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A China Petroleum & Chemical Corp (Sinopec) refinery in Beijing. Sinopec operates 13 of the country's 20 mega-refineries with more than 10 million tons of refining capacity. [Photo/China Daily]
BEIJING - China Petroleum & Chemical Corp, the country's biggest refiner by capacity, is planning to build a refining complex with an annual processing capacity of 32 million tons in China's eastern Jiangsu province.
The project, based in the Xuwei New Area of the coastal city of Lianyungang, is estimated to have initial investment of more than 100 billion yuan ($15.46 billion), according to reports in the National Business Daily which cited an unnamed local official.
A media contact from China Petroleum, also known as Sinopec, refused to comment on the report, saying that he had no idea about the project. However, when contacted by China Daily, Shi Haibo, the director of the Xuwei New Area Administration Commission, confirmed that the project is proceeding in the city, but declined to elaborate further.
The project is expected to gain approval from the National Development and Reform Commission, the country's top economic planner, with construction slated to begin in 2013 and the plant becoming operational in 2016, according to the report.
So far, Sinopec and the local government have yet to reach agreement on the stakes each will hold in the project, the local official was cited as saying. Wang Tianpu, Sinopec's president, said that the company intends to invite major foreign petrochemical firms to join the project, the newspaper said.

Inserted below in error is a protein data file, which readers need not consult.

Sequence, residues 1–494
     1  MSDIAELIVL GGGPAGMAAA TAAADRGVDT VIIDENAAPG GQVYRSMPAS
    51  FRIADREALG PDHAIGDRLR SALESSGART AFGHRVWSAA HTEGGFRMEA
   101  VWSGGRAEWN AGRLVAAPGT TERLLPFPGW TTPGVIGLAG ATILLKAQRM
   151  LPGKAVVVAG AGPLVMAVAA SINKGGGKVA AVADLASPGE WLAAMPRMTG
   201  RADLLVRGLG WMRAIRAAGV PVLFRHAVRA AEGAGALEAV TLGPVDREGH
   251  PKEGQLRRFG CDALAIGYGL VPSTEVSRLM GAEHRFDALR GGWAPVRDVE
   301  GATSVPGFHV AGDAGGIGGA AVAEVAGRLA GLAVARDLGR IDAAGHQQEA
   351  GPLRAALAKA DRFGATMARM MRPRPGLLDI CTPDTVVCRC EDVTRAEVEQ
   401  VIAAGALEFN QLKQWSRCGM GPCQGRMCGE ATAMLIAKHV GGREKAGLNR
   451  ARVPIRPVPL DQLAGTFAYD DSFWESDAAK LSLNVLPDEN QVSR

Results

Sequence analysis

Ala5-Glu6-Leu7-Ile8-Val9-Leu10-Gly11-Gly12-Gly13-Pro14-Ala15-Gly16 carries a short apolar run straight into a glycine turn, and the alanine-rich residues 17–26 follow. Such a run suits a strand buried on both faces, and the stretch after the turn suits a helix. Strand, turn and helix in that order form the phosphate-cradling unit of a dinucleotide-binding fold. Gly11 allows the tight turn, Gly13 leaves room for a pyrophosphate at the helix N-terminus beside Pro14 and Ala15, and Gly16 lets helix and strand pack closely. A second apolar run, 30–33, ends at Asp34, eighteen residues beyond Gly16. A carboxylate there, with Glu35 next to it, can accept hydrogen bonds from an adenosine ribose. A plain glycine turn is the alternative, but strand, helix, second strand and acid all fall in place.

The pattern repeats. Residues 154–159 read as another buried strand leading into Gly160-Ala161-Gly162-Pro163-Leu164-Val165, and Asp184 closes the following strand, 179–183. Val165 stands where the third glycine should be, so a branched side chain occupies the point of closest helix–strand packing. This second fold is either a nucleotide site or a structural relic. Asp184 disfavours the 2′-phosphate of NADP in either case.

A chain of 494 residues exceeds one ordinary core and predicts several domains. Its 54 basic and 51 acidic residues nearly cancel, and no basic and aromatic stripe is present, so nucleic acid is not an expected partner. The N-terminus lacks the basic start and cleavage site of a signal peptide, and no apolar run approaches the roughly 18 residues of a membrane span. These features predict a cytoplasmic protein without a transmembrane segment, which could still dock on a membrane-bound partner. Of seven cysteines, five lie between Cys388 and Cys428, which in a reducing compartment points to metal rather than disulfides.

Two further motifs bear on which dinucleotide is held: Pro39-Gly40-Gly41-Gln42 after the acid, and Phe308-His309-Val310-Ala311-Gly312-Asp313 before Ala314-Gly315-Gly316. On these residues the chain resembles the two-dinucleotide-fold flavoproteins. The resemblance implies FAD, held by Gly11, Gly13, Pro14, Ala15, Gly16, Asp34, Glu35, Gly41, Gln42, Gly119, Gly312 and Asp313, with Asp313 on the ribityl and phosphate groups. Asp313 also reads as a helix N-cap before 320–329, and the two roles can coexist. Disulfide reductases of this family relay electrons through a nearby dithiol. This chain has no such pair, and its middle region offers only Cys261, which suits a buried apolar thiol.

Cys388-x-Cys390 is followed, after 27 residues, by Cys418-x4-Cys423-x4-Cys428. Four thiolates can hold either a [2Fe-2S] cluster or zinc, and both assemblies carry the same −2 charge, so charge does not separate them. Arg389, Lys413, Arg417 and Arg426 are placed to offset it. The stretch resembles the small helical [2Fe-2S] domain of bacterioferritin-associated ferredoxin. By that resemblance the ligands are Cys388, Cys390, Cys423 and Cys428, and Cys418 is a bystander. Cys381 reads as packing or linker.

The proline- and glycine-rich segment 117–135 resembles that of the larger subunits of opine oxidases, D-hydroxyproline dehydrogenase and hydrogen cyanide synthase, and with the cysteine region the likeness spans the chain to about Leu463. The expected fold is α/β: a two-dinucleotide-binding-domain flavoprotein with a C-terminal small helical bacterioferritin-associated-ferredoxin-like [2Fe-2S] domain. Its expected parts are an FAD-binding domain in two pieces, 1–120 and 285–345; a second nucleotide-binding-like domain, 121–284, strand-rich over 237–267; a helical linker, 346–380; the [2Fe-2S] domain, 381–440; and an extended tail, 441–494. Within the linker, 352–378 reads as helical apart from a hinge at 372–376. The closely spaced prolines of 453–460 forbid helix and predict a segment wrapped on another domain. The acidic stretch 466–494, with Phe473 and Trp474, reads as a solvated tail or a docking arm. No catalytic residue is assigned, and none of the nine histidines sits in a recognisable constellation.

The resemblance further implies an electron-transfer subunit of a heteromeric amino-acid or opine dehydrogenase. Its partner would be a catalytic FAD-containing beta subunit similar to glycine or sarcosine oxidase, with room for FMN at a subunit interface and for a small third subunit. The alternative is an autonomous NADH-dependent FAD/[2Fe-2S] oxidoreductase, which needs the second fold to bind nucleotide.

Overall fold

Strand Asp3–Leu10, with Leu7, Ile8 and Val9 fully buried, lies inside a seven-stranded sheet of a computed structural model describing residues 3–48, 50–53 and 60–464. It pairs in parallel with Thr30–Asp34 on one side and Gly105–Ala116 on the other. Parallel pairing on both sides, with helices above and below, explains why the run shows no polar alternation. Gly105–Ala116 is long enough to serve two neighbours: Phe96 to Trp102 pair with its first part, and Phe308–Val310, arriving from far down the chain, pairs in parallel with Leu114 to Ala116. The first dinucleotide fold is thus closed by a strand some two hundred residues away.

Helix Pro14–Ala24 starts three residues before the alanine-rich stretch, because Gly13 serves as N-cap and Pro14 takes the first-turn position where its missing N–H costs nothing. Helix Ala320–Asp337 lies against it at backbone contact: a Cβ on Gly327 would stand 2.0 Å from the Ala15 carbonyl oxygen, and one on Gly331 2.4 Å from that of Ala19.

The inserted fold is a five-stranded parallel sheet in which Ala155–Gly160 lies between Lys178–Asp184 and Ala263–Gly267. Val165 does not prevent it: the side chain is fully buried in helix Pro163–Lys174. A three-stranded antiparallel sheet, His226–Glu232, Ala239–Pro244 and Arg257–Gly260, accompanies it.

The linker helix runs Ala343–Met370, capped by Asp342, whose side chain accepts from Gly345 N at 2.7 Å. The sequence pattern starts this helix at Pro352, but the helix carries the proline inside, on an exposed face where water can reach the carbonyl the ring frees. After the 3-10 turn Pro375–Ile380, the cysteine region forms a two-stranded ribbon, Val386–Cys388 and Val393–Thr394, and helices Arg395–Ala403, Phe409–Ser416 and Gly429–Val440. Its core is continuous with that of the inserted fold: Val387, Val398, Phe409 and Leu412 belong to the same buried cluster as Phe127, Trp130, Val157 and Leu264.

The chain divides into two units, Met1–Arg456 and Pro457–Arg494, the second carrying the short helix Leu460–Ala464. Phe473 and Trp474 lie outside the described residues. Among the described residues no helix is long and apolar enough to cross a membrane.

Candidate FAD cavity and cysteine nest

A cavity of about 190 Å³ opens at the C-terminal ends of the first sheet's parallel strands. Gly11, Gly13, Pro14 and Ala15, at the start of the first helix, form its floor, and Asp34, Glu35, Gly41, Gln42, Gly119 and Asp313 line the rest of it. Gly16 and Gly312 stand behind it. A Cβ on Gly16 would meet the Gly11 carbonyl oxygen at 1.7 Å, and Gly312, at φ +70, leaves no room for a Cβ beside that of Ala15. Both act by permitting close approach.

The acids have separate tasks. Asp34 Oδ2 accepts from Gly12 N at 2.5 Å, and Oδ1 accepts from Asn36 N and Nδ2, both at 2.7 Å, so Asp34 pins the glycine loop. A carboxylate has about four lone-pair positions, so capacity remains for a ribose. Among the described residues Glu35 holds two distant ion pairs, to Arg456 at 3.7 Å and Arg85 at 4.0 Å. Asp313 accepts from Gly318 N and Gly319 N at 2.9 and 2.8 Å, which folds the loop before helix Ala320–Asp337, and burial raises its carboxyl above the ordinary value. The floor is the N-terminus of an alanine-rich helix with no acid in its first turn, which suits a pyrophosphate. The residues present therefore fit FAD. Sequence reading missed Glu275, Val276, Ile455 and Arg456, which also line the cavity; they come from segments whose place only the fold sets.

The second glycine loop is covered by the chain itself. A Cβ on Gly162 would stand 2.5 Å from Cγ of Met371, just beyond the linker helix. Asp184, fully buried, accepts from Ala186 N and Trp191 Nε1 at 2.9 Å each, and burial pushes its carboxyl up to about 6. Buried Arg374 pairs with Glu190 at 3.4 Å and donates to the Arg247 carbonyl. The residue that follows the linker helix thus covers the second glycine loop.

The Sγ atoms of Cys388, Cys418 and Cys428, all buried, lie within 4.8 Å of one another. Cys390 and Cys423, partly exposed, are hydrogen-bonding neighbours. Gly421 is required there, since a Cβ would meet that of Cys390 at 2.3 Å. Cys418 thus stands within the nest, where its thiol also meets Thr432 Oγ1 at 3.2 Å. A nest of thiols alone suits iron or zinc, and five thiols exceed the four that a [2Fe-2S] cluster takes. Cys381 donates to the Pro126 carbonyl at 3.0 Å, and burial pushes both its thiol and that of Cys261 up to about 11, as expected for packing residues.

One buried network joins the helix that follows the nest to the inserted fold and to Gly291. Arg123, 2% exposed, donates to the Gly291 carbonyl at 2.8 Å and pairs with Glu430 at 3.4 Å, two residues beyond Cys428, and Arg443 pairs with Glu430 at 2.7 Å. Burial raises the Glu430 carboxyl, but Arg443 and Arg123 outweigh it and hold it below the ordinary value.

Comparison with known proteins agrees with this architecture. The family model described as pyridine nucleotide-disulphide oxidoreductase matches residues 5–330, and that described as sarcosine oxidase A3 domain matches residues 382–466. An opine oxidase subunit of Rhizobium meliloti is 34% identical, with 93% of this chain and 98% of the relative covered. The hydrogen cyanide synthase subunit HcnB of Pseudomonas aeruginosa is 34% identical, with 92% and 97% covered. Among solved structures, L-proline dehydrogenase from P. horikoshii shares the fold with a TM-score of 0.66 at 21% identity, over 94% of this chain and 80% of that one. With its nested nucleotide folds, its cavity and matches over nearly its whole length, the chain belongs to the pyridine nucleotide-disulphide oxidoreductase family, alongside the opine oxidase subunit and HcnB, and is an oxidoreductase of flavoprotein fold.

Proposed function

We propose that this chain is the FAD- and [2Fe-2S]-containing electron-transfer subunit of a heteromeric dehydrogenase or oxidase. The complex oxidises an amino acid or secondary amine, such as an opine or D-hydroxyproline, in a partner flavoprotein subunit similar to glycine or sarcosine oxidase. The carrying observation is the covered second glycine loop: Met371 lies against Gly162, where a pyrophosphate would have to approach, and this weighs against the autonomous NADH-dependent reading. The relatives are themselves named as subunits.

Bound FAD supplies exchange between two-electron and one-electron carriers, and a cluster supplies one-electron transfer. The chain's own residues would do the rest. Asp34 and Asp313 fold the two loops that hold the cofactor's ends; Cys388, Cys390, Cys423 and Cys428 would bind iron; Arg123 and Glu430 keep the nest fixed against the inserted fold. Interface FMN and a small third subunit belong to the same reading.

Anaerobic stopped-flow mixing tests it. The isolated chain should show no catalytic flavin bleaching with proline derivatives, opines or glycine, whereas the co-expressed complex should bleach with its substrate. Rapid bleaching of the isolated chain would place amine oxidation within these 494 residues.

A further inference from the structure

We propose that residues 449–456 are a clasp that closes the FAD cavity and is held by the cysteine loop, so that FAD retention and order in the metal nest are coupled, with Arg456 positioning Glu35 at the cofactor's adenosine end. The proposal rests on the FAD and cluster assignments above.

The move by Sinopec, which operates 13 of the country's 20 mega-refineries with more than 10 million tons of refining capacity, will expand China's refining capacity to a new high to meet the nation's increasing demand for oil, analysts said.
According to China National Petroleum Corp, the country's biggest oil and gas producer, China's apparent fuel oil demand - which includes domestic production and imports, but excludes exports - is expected to rise to 257 million tons this year, an increase of 6.6 percent from 2010.
China's apparent consumption of fuel oil containing gasoline and diesel rose by 8.2 percent in the first five months of this year from the same period in 2010.
"We expect the fuel oil demand to surge about 55 percent by the end of 2020 from last year's level. Sinopec's new refineries, therefore, are designed to make up the foreseeable demand gap within 10 years, even though supply outstrips demand currently," said He Wei, a senior analyst at BOCOM International Holding Co, a Hong Kong-headquartered brokerage.
He added that the majority of crude oil for Sinopec's planned refining complex will come from overseas. "That's why it selected a coastal city as the location for the refineries. "
At present, Sinopec is heavily dependent on imports of crude oil.